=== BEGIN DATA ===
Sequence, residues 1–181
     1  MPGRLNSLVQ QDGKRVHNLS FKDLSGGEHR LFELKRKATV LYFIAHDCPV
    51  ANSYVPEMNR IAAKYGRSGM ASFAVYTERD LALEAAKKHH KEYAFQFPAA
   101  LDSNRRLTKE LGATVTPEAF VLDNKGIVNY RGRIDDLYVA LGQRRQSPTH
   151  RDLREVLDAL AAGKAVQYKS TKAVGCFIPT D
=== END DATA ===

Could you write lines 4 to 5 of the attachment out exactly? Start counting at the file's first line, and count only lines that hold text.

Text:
   101  LDSNRRLTKE LGATVTPEAF VLDNKGIVNY RGRIDDLYVA LGQRRQSPTH
   151  RDLREVLDAL AAGKAVQYKS TKAVGCFIPT D